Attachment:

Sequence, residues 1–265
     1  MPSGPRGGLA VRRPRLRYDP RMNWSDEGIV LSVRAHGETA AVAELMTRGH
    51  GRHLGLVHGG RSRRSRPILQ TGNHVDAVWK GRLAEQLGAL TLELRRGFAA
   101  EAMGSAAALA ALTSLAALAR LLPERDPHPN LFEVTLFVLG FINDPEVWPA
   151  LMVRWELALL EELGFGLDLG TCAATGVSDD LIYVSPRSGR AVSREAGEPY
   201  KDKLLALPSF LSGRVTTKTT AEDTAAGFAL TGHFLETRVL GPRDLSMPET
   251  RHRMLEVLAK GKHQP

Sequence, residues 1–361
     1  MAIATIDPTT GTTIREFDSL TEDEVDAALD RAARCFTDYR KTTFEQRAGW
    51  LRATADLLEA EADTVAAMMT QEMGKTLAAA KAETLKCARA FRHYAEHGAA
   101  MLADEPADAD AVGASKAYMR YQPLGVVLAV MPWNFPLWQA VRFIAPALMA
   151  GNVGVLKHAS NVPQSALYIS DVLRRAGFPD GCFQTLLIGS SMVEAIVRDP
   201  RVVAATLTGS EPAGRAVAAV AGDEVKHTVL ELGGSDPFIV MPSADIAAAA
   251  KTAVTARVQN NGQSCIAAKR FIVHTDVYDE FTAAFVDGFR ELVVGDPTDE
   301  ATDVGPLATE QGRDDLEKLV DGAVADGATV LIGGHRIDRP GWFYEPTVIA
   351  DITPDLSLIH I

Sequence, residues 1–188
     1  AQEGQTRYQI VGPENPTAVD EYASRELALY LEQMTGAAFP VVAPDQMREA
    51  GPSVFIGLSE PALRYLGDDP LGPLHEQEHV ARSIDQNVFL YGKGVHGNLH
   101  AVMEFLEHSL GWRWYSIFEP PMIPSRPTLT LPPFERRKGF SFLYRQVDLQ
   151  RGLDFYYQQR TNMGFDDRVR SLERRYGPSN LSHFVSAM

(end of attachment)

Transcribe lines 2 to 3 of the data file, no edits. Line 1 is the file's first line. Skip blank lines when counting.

     1  MPSGPRGGLA VRRPRLRYDP RMNWSDEGIV LSVRAHGETA AVAELMTRGH
    51  GRHLGLVHGG RSRRSRPILQ TGNHVDAVWK GRLAEQLGAL TLELRRGFAA